At the 2019 Choose Clean Water Coalition Conference in May, they will be releasing a new diversity, equity, inclusion and justice guide for the watershed, based on a survey of funders and non-governmental organizations. This guide will include recommendations for what organizations can do to increase diversity, foster a culture of inclusion, retain diverse staff and incorporate DEIJ into program areas.
What keeps Chanté going?
While Coleman is excited about the increase in attention on DEIJ, she also worries about the burden that could be placed on employees of color. “As a person of color, we’re often times expected to be the ones in our organizations to work on DEIJ,” she says.
“I do it because I am passionate and excited about it,” Coleman states, but it’s about giving people a choice, and not expecting people of color to be an expert or work on DEIJ issues just because of their life experience.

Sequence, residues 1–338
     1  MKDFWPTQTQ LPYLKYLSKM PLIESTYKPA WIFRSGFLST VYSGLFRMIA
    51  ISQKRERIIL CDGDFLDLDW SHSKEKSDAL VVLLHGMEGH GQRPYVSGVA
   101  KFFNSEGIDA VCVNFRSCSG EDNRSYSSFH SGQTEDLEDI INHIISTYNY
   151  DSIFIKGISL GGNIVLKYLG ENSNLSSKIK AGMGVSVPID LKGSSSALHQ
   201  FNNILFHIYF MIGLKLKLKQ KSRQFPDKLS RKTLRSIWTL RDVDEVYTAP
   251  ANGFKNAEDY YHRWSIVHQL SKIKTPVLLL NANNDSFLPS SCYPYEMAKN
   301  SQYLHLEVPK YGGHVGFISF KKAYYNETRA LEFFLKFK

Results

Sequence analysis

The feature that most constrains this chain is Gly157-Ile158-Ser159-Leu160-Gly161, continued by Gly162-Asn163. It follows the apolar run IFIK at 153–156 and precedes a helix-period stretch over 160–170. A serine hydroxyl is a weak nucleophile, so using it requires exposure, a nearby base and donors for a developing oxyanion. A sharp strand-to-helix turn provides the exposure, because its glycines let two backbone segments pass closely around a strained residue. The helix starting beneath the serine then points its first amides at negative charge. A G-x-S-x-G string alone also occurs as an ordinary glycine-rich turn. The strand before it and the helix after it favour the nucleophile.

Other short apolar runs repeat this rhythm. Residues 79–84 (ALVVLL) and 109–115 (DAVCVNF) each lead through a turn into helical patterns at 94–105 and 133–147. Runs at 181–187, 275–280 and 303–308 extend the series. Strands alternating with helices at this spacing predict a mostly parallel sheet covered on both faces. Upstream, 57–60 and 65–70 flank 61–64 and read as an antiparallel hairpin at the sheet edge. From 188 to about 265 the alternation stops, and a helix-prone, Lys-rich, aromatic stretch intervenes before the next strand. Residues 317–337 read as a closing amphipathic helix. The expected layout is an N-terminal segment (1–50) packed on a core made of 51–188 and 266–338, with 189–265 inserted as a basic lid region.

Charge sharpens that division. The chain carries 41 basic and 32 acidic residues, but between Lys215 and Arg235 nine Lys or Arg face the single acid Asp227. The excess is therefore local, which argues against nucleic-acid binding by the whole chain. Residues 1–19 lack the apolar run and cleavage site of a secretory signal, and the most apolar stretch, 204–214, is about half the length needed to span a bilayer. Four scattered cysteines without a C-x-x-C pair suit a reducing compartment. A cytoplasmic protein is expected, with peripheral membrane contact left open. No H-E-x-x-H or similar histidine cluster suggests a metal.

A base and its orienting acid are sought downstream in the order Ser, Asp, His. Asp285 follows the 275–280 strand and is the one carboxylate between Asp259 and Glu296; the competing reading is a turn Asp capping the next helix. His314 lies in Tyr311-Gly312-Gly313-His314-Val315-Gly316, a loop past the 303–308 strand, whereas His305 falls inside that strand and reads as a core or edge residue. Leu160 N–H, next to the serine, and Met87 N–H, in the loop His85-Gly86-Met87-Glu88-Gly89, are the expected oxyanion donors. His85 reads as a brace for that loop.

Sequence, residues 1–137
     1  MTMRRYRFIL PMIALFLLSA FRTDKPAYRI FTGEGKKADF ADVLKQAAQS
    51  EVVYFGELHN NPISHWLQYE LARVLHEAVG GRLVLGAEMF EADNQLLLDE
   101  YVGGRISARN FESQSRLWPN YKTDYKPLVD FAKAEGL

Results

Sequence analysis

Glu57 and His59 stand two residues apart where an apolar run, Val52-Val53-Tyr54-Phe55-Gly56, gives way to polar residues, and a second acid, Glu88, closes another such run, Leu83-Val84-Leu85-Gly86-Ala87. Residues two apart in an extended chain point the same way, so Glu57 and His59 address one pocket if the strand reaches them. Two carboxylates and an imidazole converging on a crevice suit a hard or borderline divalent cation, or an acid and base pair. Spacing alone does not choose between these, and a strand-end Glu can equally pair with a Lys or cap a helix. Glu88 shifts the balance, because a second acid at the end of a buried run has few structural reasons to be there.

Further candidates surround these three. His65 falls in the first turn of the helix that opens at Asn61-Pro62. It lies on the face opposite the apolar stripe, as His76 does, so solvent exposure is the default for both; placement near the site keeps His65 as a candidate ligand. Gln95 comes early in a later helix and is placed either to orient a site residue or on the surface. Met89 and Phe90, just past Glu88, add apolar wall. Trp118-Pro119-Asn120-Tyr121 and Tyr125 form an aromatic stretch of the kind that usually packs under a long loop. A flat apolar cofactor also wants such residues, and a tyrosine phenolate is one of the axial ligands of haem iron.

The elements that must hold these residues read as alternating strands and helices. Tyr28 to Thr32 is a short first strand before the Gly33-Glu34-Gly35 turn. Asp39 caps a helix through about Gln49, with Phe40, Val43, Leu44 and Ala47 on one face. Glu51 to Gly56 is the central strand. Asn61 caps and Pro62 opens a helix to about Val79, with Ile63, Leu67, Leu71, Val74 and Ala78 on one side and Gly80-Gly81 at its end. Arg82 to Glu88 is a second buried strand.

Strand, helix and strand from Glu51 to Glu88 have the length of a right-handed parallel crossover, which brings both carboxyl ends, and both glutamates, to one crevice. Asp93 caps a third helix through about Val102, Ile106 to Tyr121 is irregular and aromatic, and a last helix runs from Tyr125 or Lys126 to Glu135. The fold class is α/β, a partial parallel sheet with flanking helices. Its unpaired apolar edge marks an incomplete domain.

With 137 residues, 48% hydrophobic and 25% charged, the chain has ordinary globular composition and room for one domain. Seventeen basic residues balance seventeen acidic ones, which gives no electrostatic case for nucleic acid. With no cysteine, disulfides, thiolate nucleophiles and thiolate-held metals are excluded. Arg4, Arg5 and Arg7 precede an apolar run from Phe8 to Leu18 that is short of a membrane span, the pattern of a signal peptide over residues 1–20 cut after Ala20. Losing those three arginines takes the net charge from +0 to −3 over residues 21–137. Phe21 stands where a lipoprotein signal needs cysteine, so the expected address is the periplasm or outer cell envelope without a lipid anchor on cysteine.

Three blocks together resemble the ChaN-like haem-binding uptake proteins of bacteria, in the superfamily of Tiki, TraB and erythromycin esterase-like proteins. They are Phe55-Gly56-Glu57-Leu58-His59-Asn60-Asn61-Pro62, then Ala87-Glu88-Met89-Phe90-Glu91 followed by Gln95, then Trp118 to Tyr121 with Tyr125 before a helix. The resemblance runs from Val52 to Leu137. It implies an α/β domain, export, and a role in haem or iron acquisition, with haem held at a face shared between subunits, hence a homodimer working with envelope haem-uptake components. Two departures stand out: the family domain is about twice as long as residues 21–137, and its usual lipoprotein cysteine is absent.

She offers advice to folks who may be in this situation, even if it is an issue they are passionate about. “It’s ok to take a step back. This work is very personal. It can be very hurtful, emotional and taxing.”
“Self-care has helped me be successful,” she states. “I get up every day and work on DEIJ because it is essential to our success, but it can be mentally and emotionally exhausting. I would impart that, to anyone working on DEIJ, prioritize self-care.”
She has similar advice for those working in the environmental field. “Environmental protection is really important. Building an inclusive movement is very important. But if we don’t take care of ourselves, we can’t take care of the environment.”
Her team also keeps her going. “The people here are incredible. I love getting up and working with them every day. Who doesn’t want to work protecting the environment? At least that’s how I see it.”
Overall, Coleman is excited that the Chesapeake Bay watershed is moving from conversation to action—“I’m walking into more rooms and seeing more people like me.”